Joe Biden came to the Senate in 1973. Later that year, America experienced an oil crisis, one that The Smithsonian has said “caused widespread panic and led to profound shifts in U.S. culture.” Now, as Biden mutters to himself as president, our country may be on the verge of a second oil crisis, especially as it relates to diesel fuel.
Billionaire John Catsimatidis, CEO of United Refining Co., recently warned that this summer may see fuel shortages and rationing, especially on the East Coast. United operates an oil refinery in Warren, Pennsylvania, that can process 70,000 barrels of oil into gasoline, diesel fuel, and other petroleum distillates per day and distributes gasoline under the Kwik Fill and Keystone brands.
In an interview with Bloomberg, Catsimatidis said, “I wouldn’t be surprised to see diesel being rationed on the East Coast this summer. Right now inventories are low and we may see a shortage in coming months.”
“East Coast stockpiles of the fuel have fallen to the lowest in data going back to 1990. National inventories stand at the lowest in 17 years as the US has become the world’s diesel supplier of choice. Fuel markets have been in disarray since growing bans against Russian products restricted one of Europe’s main suppliers of energy. With exports draining U.S. tanks, the East Coast is feeling the pinch most acutely due to a lack of sufficient fuelmaking capacity there.
Consumers are already feeling the squeeze. Diesel prices have risen for the past 16 straight days and hit a new record of $5.553 a gallon Tuesday, according to the American Automobile Association. Gasoline prices rose to a new record of $4.404 a gallon.
Fuel supplies are tight across the country after refineries mothballed plants during the pandemic when fuel demand was decimated by stay-at-home orders. The East Coast suffered a particular blow after Philadelphia Energy Solutions permanently closed its refinery, which supplied the entire East Coast, in 2019 following an explosion.
Companies are already working around the tight diesel market in order to keep trucks on the road. Pilot Flying J Inc., which operates a chain of truck stops, adopted a contingency plan to keep certain East Coast markets fully supplied, according to Brad Jenkins, senior vice president of supply and distribution. The company is ‘taking additional actions to secure extra supply and mobilize our fleet to deliver diesel to areas facing tight availability, such as Virginia and Georgia,’ he said.”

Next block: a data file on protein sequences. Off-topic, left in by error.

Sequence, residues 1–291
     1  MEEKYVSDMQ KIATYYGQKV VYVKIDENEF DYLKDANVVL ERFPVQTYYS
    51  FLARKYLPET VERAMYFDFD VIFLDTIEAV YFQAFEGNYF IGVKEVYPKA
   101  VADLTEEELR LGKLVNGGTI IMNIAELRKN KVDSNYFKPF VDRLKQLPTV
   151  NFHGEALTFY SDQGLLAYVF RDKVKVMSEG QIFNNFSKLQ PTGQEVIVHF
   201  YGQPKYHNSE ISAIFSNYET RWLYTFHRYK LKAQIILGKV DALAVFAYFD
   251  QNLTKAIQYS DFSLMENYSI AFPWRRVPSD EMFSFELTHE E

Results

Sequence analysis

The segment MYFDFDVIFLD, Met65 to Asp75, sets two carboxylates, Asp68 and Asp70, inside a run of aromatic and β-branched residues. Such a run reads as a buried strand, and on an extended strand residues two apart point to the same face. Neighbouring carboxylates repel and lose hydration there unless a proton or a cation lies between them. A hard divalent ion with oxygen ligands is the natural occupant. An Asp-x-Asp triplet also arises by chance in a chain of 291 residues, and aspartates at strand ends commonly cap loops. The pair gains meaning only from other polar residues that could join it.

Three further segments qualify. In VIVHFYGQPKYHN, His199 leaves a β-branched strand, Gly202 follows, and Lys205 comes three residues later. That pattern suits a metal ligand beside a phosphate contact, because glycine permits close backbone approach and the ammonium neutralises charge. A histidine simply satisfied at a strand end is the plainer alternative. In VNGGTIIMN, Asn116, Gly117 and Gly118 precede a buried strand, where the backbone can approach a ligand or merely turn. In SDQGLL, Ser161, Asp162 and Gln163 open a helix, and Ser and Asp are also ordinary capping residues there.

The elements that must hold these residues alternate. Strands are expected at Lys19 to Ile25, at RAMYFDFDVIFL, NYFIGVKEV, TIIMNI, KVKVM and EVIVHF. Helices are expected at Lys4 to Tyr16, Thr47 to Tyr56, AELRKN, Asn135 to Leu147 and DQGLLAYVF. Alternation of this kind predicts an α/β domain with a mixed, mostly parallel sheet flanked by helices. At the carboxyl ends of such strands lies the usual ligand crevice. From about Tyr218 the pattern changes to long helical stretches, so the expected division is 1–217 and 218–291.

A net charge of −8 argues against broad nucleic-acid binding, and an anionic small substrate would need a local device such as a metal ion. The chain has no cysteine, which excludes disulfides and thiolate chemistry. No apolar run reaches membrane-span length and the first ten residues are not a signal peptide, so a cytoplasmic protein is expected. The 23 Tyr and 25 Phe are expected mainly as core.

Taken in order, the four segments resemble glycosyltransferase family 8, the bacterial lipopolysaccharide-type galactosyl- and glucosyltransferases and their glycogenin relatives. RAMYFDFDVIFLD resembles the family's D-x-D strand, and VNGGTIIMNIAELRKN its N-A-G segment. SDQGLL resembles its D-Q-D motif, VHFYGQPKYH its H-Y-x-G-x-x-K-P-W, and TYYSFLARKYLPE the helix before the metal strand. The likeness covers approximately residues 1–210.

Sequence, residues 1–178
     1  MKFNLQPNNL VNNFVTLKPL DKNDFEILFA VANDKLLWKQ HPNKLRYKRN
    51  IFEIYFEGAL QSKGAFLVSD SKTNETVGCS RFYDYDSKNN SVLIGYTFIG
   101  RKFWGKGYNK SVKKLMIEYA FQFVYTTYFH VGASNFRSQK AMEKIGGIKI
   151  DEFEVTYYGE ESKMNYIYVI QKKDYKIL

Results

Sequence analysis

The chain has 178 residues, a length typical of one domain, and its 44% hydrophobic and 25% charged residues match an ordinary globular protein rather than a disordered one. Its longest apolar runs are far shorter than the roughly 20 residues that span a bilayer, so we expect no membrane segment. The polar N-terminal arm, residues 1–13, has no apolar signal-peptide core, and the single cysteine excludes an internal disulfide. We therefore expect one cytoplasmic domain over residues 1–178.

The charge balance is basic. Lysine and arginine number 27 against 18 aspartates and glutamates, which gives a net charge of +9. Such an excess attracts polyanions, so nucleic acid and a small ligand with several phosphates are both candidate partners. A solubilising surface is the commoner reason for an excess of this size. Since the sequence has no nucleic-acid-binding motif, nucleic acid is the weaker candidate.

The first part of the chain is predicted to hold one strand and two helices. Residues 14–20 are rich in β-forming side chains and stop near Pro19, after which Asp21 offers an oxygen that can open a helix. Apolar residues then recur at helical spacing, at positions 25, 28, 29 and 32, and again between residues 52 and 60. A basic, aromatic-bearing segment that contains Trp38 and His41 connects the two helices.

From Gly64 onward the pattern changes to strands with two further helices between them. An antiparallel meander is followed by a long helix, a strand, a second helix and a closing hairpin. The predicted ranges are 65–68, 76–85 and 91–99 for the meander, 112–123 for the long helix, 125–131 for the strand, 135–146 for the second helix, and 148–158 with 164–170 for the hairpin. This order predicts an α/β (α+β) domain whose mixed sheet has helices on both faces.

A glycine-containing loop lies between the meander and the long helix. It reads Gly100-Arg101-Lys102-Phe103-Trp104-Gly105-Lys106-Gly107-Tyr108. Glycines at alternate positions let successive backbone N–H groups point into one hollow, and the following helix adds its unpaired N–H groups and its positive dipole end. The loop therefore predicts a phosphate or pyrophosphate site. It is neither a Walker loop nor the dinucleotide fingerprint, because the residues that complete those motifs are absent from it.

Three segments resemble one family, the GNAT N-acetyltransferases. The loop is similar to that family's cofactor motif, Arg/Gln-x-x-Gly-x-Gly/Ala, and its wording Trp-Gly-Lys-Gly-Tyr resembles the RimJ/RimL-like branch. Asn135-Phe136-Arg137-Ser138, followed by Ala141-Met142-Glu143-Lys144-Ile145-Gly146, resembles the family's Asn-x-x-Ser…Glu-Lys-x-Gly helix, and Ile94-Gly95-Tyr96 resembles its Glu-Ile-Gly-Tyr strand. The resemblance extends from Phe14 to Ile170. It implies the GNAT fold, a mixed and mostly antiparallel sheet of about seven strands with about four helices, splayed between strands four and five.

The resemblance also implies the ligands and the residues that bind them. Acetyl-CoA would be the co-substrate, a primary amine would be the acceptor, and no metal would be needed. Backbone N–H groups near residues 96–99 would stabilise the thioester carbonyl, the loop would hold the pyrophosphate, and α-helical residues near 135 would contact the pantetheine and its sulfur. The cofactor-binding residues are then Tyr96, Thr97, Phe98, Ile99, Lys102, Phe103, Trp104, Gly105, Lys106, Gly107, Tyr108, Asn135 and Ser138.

Catsimatidis also predicted that Americans would pay more for gas than ever before during the upcoming Memorial Day weekend. During the 2020 campaign, Joe Biden begged the CEO to help fund his campaign to defeat Donald Trump.
As with inflation, which even Vox has blamed on the White House, President Biden has tried to blame everyone but himself for the increase of gas prices over the past year. The Wall Street Journal noted, “Another week, another example of the Biden Administration’s energy incoherence. On Tuesday the President blamed record gasoline prices on Vladimir Putin. The next day the Interior Department announced the cancellation of three offshore oil and gas lease sales, setting up the possibility that there won’t be any during his Presidency.”
The Department of the Interior ended the potential to drill for oil in over a million acres in Alaska’s Cook Inlet and canceled two lease sales in the Gulf of Mexico. In 2018 the United States became a net exporter of oil for the first time in 75 years until Democrats took the House later that year. Today, the same liberal members believe that production isn’t the problem. Instead, they held hearings to blame oil companies for “price gouging.”
In March, Biden begged Saudi Arabia and Venezuela to produce more oil. He doesn’t dislike oil production; he just doesn’t want us to do it. The president’s ban on energy production from public lands has been estimated to cost Americans $670 billion over the next 20 years.
Politico recently predicted that natural gas is likely to be the next energy crisis our nation experiences. “Prices for another crucial fossil fuel — natural gas — have also surged to their highest levels in more than a decade, raising costs for everything from home heating and cooking to fertilizer, chemicals and wholesale electricity.” The price of natural gas has tripled since the beginning of the year.